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Sampling from networks: respondent-driven sampling

  • Mamadou Yauck ORCID logo EMAIL logo , Erica E.M. Moodie ORCID logo , Herak Apelian , Marc-Messier Peet , Gilles Lambert , Daniel Grace , Nathan J. Lachowsky , Trevor A. Hart and Joseph Cox
From the journal Epidemiologic Methods



Respondent-Driven Sampling (RDS) is a variant of link-tracing, a sampling technique for surveying hard-to-reach communities that takes advantage of community members' social networks to reach potential participants. While the RDS sampling mechanism and associated methods of adjusting for the sampling at the analysis stage are well-documented in the statistical sciences literature, methodological focus has largely been restricted to estimation of population means and proportions, while giving little to no consideration to the estimation of population network parameters. As a network-based sampling method, RDS is faced with the fundamental problem of sampling from population networks where features such as homophily (the tendency for individuals with similar traits to share social ties) and differential activity (the ratio of the average number of connections by attribute) are sensitive to the choice of a sampling method.


Many simple approaches exist to generate simulated RDS data, with specific levels of network features (mainly homophily and differential activity), where the focus is on estimating means and proportions (Gile 2011; Gile et al. 2015; Spiller et al. 2018). However, recent findings on the inconsistency of estimators of network features such as homophily in partially observed networks (Crawford et al. 2017; Shalizi and Rinaldo 2013) raise the question of whether those target features can be recovered using the observed RDS data alone – as recovering information about these features is critical if we wish to condition upon them. In this paper, we conduct a simulation study to assess the accuracy of existing RDS simulation methods, in terms of their abilities to generate RDS samples with the desired levels of two network parameters: homophily and differential activity.


The results show that (1) homophily cannot be consistently estimated from simulated RDS samples and (2) differential activity estimators are more precise when groups, defined by traits, are equally active and equally represented in the population. We use this approach to mimic features of the Engage Study, an RDS sample of gay, bisexual and other men who have sex with men in Montréal, Canada.


In this paper, we highlight that it is possible, in some cases, to simulate population networks by mimicking the characteristics of real-world RDS data while retaining accuracy and precision for target network features in the samples.

Corresponding author: Mamadou Yauck, Department of Epidemiology, Biostatistics & Occupational Health, McGill University, Montréal, QC, Canada, E-mail:

Funding source: Natural Sciences and Engineering Research Council (NSERC) of Canada

Award Identifier / Grant number: RGPIN-2019-04230


The authors would like to thank the Engage study participants, office staff, and community engagement committee members, as well as our community partner agencies REZO, ACCM and Maison Plein Coeur. The authors also wish to acknowledge the support of David M. Moore, Nathan J. Lachowsky and Jody Jollimore and their contributions to the work presented here. Engage/Momentum II is funded by the Canadian Institutes for Health Research (CIHR, TE2-138299), the CIHR Canadian HIV/AIDS Trails Network (CTN300), the Canadian Foundation for AIDS Research (CANFAR, Engage), the Ontario HIV Treatment Network (OHTN, 1051), the Public Health Agency of Canada (Ref: 4500370314), Canadian Blood Services (MSM2017LP-OD), and the Ministère de la Santé et des Services sociaux (MSSS) du Québec. Erica E. M. Moodie acknowledges a chercheur boursier senior career award from the Fonds de recherche du Québec – Santé.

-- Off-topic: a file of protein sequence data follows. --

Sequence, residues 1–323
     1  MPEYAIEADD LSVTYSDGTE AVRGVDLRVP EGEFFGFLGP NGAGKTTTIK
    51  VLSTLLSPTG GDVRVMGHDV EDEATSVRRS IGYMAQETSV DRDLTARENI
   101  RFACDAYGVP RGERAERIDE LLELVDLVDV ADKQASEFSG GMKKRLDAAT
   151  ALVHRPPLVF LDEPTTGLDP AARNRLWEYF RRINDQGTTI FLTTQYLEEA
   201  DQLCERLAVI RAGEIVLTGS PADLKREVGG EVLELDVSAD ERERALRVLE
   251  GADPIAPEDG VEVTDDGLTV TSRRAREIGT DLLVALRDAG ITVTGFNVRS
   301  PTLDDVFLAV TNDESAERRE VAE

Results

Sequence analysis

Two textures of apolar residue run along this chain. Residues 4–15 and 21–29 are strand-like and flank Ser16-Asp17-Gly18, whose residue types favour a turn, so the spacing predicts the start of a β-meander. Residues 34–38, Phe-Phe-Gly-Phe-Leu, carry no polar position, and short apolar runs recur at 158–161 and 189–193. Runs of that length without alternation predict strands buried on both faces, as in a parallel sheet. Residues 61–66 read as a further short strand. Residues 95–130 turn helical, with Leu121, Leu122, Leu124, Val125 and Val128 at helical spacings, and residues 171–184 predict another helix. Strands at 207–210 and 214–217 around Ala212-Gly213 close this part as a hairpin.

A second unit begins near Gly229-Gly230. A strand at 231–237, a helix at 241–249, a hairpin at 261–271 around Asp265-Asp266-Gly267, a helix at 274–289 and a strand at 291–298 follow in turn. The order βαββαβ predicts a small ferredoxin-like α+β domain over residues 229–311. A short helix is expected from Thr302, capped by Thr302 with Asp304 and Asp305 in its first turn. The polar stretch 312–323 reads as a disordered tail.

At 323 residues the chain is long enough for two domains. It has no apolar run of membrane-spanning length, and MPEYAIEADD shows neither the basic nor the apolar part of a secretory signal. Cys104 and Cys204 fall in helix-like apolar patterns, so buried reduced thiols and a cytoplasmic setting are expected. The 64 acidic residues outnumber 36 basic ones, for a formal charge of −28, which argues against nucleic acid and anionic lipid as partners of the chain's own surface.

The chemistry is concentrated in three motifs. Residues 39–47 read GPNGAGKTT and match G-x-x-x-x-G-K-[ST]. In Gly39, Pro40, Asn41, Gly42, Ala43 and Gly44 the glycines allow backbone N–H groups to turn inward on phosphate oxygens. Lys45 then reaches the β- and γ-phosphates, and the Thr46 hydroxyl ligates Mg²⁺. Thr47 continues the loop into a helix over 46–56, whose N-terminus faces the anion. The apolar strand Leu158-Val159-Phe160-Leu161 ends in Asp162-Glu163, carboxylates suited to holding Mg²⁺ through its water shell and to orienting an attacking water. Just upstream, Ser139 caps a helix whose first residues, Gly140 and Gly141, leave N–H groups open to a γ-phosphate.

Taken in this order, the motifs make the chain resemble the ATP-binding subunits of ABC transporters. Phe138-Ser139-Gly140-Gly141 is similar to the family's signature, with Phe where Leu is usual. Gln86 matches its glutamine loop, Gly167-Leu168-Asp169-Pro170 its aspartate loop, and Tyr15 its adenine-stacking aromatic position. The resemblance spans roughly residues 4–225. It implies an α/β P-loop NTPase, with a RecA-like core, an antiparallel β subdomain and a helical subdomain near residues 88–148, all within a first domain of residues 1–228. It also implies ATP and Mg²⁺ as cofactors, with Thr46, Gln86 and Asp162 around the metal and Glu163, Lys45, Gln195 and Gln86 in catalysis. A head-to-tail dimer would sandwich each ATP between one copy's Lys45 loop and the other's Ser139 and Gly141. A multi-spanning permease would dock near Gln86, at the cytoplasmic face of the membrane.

1. Research funding: MY is funded by a Postdoctoral Fellowship jointly sponsored by the Statistical and Applied Mathematical Sciences Institute (SAMSI) and the Canadian Statistical Sciences Institute (CANSSI). The methodological developments in this manuscript are supported by a Discovery Grant to EEMM from the Canadian Natural Sciences and Research Council (NSERC), grant #RGPIN-2019-04230.

  2. Author contributions: All authors have accepted responsibility for the entire content of this manuscript and approved its submission.

  3. Competing interests: Authors state no conflict of interest.

  4. Informed consent: Not applicable.

  5. Ethical approval: Not applicable.


Table 4:

Characteristics of the Engage population network and RDS sample.

Parameter Estimated value 95% CI
Population network
Population size 40,400
Mean degree 16.63
Prevalence, %
 Condomless anal sex in the past six months 57.9 [52.7, 63.0]
 Currently in a relationship 43.9 [38.8, 49.0]
 HIV positive 12.7 [9.3, 16.0]
RDS sample
Number of seeds 27
Number of recruits
 0 651
 1 236
 2 117
 3 81
 4 49
 5 27
 6 18
Sample size 1,179
Table 5:

(Pearson) correlation matrix of three nodal covariates for the Engage RDS sample. Unweighted and weighted correlations are displayed, with weighted correlations in parenthesis.

1. CAS 2. CIR 3. HIV+
1. Condomless anal sex (CAS) 1 0.104*** (0.115***) 0.023 (0.018)
2. Currently in a relationship (CIR) 1 0.046 (0.002)
3. HIV positive (HIV+) 1
  1. ***p-Value <0.001.


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Received: 2020-08-20
Accepted: 2020-12-29
Published Online: 2021-01-20

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